String argument with optional value in std.getopt

Hassan azi.hassan at
Sun Aug 9 14:09:45 UTC 2020

Thanks for the reply Steve

On Sunday, 9 August 2020 at 12:20:16 UTC, Steven Schveighoffer 
> 2. If your optional parameters are not tied to the option 
> itself, then don't accept them via getopt. In other words, if 
> `hashtrack filter` is supposed to be valid, then filter isn't 
> an option after all, it's a standard parameter.

"filter" can be any string really. It's like an input to the list 
option : hashtrack --list filter_by_this_word

I wasn't aware that there was a distinction between parameters 
and options. The tool I'm writing is a D port of an existing Go 
command line utility that uses parameters everywhere, things like 
"hashtrack list" instead of "hashtrack --list". I decided to use 
options as opposed to parameters because then I would get to use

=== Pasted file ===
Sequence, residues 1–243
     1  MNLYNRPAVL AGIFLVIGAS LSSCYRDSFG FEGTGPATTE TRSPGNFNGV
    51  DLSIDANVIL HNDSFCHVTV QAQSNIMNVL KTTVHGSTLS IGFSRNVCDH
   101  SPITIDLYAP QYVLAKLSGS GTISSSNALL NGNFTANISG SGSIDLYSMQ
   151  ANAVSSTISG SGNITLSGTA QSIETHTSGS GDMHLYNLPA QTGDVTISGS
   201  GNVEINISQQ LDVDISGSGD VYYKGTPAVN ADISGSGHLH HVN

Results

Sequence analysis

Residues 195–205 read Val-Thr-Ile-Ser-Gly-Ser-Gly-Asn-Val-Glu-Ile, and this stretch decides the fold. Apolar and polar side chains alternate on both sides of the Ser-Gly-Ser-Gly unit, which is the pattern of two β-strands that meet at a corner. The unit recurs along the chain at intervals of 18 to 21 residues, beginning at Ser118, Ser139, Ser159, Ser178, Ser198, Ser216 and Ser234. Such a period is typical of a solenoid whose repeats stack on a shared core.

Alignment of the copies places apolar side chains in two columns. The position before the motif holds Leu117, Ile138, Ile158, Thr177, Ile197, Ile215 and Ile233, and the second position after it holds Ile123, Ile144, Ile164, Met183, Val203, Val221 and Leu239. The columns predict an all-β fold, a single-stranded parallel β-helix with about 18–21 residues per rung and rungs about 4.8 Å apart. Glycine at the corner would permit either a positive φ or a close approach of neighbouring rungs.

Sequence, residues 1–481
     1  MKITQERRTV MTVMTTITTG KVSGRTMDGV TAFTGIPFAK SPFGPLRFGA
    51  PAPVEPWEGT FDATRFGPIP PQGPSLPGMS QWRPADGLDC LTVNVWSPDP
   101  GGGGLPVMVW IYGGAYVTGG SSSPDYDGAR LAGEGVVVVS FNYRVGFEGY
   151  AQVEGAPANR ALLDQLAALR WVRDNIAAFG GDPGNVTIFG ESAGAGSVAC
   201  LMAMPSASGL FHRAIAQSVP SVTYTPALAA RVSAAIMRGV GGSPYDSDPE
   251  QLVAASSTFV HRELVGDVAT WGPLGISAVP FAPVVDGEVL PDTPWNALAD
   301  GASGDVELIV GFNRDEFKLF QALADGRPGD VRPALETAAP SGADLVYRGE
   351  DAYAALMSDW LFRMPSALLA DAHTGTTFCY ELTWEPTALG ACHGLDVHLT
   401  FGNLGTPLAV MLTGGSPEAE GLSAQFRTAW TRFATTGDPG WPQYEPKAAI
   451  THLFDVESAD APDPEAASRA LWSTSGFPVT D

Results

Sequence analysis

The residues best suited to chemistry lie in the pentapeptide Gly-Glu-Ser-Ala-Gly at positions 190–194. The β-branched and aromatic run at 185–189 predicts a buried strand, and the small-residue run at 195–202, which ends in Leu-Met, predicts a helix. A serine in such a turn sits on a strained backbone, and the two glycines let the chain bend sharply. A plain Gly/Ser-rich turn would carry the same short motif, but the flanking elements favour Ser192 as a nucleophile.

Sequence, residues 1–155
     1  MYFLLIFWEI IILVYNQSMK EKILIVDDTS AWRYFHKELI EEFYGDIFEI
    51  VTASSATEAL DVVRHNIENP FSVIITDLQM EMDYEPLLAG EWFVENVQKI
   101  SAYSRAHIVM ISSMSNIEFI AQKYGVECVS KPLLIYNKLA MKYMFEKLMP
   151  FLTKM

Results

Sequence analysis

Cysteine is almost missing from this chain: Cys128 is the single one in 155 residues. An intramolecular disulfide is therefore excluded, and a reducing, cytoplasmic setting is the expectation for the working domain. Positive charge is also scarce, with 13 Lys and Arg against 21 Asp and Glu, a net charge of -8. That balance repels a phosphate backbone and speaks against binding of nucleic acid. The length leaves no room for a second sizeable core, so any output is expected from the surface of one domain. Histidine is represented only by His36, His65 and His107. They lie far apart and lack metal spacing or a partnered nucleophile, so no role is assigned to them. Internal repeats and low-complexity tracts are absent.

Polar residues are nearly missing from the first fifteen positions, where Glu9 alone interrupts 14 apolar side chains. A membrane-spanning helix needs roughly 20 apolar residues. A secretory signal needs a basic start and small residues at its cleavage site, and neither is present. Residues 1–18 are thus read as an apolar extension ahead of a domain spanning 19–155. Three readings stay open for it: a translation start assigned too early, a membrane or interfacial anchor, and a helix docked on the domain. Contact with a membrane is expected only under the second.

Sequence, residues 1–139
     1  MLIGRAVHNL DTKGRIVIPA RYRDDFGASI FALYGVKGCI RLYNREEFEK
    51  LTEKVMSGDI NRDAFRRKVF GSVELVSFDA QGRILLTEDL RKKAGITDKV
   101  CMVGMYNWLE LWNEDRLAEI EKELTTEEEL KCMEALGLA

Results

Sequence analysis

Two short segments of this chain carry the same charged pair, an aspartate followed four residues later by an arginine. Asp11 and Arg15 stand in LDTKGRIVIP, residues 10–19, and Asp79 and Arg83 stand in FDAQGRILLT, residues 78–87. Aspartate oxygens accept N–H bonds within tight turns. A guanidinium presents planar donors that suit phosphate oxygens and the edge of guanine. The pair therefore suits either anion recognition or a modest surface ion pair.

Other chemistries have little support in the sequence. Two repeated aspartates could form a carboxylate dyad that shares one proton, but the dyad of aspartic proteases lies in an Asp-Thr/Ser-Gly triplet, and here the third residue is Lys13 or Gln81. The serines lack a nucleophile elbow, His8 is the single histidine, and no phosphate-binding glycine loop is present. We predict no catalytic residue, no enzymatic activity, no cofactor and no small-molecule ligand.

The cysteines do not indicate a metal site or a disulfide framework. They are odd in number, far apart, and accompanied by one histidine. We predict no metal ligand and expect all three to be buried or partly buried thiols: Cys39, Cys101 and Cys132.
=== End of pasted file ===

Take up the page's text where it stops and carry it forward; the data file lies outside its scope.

getopt to handle "args" and display a nicely formatted --help 

I decided to go with this second solution even though "hashtrack 
filter" isn't technically valid. Here's what I did :

void main()
     bool list;

     auto opts = args.getopt(
         "login", "Creates a session token and store it in the 
local filesystem in a config file", &login,
         "logout", "Remove the locally stored session token", 
         "track", "Tracks one or more hashtags", &track,
         "untrack", "Untracks one or more previously tracked 
hashtags", &untrack,
         "tracks", "Displays the hashtags you are tracking", 
         "list", "Displays the latest 50 captured tweets", &list,
         "watch", "Stream and display the captured tweets in 
real-time", &watch,
         "status", "Displays who you are, if logged in", &status,
         "endpoint", "Point to another server", &endpoint,
         "config", "Load a custom config file", &config
         string filter = args.length > 1 ? args[1] : "";

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